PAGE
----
compact residential and mixed-use development by offering financial
incentives and control over design. Chapter 40S covers the costs of
educating school-age children who move into cities and towns that
establish 40R districts.
The current crisis underscores the continuing and urgent need to
address the lack of affordable housing. Could there be further
amendments to our housing and economic development laws that would
help to address the situation? Perhaps corporate benefactors could
help. General Electric will be receiving huge incentives from
Boston and the commonwealth to relocate their headquarters here.
Maybe they could "spread the love" a bit by partnering with Boston
and the commonwealth in developing affordable housing.
Cambridge-based Lincoln Institute of Land Policy has published
reports on inclusionary housing policies that link approvals for
market-rate housing to the creation of affordable homes for low and
moderate-income households. One goal of inclusionary housing
programs is to expand the supply of affordable housing. Could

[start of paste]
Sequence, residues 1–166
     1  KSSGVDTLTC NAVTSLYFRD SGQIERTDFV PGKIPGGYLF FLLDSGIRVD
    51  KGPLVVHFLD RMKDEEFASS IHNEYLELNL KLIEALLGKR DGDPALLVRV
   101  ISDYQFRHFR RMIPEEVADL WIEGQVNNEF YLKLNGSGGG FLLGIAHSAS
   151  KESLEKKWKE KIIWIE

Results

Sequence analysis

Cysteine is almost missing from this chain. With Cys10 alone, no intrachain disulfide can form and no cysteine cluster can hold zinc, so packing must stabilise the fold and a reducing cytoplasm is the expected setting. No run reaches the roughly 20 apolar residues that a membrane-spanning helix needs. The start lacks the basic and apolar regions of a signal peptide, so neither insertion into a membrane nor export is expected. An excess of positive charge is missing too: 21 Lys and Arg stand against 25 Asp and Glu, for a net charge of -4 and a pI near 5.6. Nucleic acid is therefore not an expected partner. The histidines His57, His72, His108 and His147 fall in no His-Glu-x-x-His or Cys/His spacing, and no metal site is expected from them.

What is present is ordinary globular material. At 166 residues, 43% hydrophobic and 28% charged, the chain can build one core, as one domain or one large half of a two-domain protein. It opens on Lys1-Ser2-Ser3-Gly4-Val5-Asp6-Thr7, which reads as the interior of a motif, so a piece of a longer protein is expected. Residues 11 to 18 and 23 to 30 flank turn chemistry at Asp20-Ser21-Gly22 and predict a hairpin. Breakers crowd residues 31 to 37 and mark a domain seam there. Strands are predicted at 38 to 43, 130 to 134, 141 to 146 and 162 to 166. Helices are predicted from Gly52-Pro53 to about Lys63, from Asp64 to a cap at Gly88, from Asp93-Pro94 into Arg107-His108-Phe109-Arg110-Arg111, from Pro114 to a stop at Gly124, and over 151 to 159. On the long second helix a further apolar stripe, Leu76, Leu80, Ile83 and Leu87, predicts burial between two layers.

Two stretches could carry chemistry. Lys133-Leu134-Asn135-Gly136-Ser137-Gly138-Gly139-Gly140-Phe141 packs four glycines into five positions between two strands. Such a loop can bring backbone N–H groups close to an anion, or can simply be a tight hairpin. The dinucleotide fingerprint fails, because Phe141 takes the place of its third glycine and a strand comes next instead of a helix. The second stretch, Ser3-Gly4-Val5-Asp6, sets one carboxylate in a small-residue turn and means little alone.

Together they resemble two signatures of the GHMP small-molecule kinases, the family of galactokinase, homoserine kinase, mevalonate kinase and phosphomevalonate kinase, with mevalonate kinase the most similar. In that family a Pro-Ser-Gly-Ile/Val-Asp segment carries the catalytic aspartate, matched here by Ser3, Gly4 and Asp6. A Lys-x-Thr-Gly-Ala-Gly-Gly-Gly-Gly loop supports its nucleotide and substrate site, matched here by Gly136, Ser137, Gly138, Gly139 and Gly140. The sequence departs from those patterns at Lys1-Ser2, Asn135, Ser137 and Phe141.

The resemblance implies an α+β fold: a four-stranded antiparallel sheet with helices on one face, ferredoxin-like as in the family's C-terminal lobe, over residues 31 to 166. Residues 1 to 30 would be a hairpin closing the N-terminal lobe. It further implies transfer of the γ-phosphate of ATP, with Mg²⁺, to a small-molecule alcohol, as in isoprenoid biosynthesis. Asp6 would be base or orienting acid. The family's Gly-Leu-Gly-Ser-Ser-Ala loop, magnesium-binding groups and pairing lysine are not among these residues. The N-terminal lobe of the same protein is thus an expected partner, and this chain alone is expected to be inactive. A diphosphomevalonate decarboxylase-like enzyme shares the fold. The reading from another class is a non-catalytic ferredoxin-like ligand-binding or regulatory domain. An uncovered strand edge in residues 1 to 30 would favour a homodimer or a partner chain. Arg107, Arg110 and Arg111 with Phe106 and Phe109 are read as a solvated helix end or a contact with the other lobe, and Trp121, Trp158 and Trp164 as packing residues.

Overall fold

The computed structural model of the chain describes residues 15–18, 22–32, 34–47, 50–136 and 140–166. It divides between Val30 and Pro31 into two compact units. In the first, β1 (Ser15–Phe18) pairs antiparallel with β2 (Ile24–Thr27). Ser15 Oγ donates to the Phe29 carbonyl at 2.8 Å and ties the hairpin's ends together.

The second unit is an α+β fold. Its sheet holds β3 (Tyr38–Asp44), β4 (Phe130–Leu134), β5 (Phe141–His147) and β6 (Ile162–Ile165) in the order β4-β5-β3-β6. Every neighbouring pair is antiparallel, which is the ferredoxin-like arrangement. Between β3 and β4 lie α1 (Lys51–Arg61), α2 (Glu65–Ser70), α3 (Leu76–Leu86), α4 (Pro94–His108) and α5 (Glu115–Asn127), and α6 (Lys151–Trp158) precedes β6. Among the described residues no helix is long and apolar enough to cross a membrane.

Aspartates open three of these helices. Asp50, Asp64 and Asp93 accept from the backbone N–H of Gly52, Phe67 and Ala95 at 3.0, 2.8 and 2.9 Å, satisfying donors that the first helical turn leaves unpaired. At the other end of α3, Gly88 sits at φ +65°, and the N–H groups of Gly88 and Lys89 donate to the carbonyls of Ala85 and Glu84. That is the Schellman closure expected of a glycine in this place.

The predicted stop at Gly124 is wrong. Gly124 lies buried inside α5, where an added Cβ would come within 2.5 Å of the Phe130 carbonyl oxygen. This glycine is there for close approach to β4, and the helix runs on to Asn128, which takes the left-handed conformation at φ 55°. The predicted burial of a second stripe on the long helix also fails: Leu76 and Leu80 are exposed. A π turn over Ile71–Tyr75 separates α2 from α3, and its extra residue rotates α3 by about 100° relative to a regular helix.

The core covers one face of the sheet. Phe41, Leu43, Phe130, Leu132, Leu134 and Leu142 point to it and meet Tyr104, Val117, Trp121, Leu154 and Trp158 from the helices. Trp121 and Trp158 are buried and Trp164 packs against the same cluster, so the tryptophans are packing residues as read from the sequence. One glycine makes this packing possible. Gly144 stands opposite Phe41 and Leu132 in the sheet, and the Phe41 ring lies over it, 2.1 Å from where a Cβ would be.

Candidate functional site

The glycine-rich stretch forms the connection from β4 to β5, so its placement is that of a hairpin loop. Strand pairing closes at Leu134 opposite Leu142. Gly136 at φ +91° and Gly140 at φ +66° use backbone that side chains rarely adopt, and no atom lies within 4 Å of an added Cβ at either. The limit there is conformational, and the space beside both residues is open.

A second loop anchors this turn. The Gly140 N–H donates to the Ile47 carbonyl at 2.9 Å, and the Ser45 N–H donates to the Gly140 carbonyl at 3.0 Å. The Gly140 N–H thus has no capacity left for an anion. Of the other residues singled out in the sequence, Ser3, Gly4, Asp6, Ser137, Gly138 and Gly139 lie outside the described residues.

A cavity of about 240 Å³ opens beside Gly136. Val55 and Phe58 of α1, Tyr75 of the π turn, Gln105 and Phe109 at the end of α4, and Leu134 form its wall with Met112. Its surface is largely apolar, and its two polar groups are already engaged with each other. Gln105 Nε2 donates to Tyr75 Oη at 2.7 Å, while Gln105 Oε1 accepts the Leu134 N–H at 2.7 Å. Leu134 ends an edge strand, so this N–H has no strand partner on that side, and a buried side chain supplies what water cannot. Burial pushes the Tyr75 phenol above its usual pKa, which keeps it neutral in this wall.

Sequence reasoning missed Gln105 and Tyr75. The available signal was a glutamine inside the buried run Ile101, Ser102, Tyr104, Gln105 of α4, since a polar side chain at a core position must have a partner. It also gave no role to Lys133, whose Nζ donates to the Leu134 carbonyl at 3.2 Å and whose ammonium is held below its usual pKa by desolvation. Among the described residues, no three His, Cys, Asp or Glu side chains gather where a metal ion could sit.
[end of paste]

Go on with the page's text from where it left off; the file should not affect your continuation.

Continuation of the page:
affordable housing requirements stand in the way of development?
Not if there are sufficient incentives for developers to include
affordable housing in new developments.
At the time this article was written, there were 934 luxury
condominium units for sale in Boston, from the Financial District
to Back Bay to the Leather District to the Seaport, Roslindale and
Jamaica Plain. Prices ranged from $1.9 million to more than $12
million. It would appear that 98 percent of the population cannot
afford to live in Boston anymore.
Practicing attorneys are not policymakers, but just as many of
us walked up the hill with Gants to ensure access to justice for
all, we must walk up the hill again to ensure access to affordable
housing for all of our citizens. The MBA has a time-honored process
of identifying and addressing legal and public policy issues in
ways that promote solutions to pressing problems. The MBA must
address affordable housing. What kind of organization would we be
if we did not help the vast majority of the population who need
affordable housing? And if we do not protect those in need, who
will? And if not now, when?